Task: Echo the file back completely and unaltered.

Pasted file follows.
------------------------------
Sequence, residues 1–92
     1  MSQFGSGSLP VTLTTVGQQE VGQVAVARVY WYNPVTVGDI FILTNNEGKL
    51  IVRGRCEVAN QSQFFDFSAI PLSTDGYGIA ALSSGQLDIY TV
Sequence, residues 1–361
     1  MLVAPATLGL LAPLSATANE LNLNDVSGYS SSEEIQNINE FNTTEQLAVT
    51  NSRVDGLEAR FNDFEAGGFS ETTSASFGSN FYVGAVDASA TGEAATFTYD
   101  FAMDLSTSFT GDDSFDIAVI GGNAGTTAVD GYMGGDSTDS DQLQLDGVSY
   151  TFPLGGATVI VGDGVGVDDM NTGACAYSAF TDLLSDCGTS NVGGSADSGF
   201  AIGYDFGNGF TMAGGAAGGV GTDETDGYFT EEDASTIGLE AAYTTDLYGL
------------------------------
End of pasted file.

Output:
Sequence, residues 1–92
     1  MSQFGSGSLP VTLTTVGQQE VGQVAVARVY WYNPVTVGDI FILTNNEGKL
    51  IVRGRCEVAN QSQFFDFSAI PLSTDGYGIA ALSSGQLDIY TV
Sequence, residues 1–361
     1  MLVAPATLGL LAPLSATANE LNLNDVSGYS SSEEIQNINE FNTTEQLAVT
    51  NSRVDGLEAR FNDFEAGGFS ETTSASFGSN FYVGAVDASA TGEAATFTYD
   101  FAMDLSTSFT GDDSFDIAVI GGNAGTTAVD GYMGGDSTDS DQLQLDGVSY
   151  TFPLGGATVI VGDGVGVDDM NTGACAYSAF TDLLSDCGTS NVGGSADSGF
   201  AIGYDFGNGF TMAGGAAGGV GTDETDGYFT EEDASTIGLE AAYTTDLYGL